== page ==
Last year's crop came in cold, wet and late. With cash corn prices struggling to gain strength, much of that crop is still in the bin and as winter drags on, grain quality can begin to suffer. Ken Hellevang from North Dakota State University Extension (NDSUE) notes, "The early snow, cool fall and early cold winter temperatures made 2013 a challenging year for corn and sunflower harvest. Some grain went into storage at higher than recommended moisture contents, and that increases the likelihood of storage problems.”
The first concern is for temperature. Northern states should store grain at 20 to 30°F while parts south must keep grain below 40°F. Insects are dormant below 50°F and maximum storage potential doubles with each ten degrees grain is cooled. However, condensation can form during aeration if corn is cooled below 20°F.
Solar energy can also play a surprising role in the health of stored grain and studies have shown that on February 21 in any given year, the daily total solar energy heating on the south sides of grain bins is more than twice what it is in July. That means grain near bin walls and at the top of the bin could be warmer even than the actual outside air temperature. Grain temperatures should be monitored in those locations, but grain has a high insulation rate and a 'hot pocket' just a few feet away may not show up in a single measurement.
The recommendation is for a number of temperature samples at different spots in the bin.
Grain moisture meters are unreliable at best for grain under 40°F and unless your meter makes adjustments for temperature, samples will have to be warmed before a solid reading can be taken. Corn above 21% moisture must be dried before the end of February to minimize the risk of moisture related problems.
Hellevang continues, "Natural air drying is not efficient until the average outdoor temperature reaches about 40 degrees. The moisture-holding capacity and, therefore the drying capacity, of colder air is so limited that drying at colder temperatures is extremely slow and expensive. When natural air drying, adding supplemental heat primarily reduces the final moisture content of the grain and only slightly reduces drying time."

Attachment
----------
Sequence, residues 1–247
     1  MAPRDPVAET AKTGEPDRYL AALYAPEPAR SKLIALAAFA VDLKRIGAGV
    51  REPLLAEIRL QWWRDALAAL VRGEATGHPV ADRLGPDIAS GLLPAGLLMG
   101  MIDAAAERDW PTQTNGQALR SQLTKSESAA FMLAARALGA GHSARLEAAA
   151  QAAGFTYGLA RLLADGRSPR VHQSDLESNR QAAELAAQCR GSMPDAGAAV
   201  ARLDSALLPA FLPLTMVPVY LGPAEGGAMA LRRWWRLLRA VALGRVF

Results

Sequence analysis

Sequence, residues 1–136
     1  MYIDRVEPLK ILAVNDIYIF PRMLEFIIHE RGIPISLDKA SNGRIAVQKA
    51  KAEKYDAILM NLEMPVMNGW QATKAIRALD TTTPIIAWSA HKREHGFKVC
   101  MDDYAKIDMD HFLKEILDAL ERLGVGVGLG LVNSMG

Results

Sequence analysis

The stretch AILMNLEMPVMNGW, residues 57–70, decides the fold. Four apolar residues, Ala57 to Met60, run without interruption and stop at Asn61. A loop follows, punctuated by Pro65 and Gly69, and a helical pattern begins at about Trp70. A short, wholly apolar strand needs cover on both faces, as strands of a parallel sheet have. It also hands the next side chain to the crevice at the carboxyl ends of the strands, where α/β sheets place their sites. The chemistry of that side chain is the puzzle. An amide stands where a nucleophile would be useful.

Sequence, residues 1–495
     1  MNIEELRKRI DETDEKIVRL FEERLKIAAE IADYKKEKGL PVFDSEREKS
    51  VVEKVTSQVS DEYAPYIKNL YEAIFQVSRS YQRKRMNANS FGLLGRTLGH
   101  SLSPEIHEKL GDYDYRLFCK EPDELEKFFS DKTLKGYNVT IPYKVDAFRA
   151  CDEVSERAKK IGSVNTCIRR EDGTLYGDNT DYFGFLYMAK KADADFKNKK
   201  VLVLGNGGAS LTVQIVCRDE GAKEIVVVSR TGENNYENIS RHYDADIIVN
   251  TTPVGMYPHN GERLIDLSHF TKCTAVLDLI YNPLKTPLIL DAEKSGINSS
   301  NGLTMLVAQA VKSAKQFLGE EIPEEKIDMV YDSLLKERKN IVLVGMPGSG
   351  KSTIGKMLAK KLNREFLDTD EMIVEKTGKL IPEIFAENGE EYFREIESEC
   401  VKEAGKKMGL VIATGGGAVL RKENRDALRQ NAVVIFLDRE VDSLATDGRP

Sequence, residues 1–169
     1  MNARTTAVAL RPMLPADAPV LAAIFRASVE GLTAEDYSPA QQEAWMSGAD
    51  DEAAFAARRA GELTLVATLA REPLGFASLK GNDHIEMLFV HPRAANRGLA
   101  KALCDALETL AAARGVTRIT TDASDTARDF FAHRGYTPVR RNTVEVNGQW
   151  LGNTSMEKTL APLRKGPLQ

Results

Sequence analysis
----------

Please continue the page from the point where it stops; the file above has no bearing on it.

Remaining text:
Do not operate the fan during rain, fog or snow as this may blow more moisture right into the bin. Always cover the aeration fan when it is not in use to keep pests and moisture out.
Remember safety first. Wet stored grain increases the risk of personal injury or death, especially if the grain bridges, is attached to the walls or forms columns, all of which can easily and unexpected collapse, leaving you or your help buried and in a dangerous position.
NDSUE recommends, "Read NDSUE publication “Caught in the Grain!” (available at http://tinyurl.com/caughtingrain) and view one of the online videos on the hazards of grain entrapment for specific information on the dangers and rescue procedures.
Crop returns are much too low to take chances with grain storage. Take stock of your stored grain today while there is still time to correct problems that could make your crop unmarketable. Click here for more from Ken Hellevang and North Dakota State University Extension on winter grain storage considerations and always remember, safety first.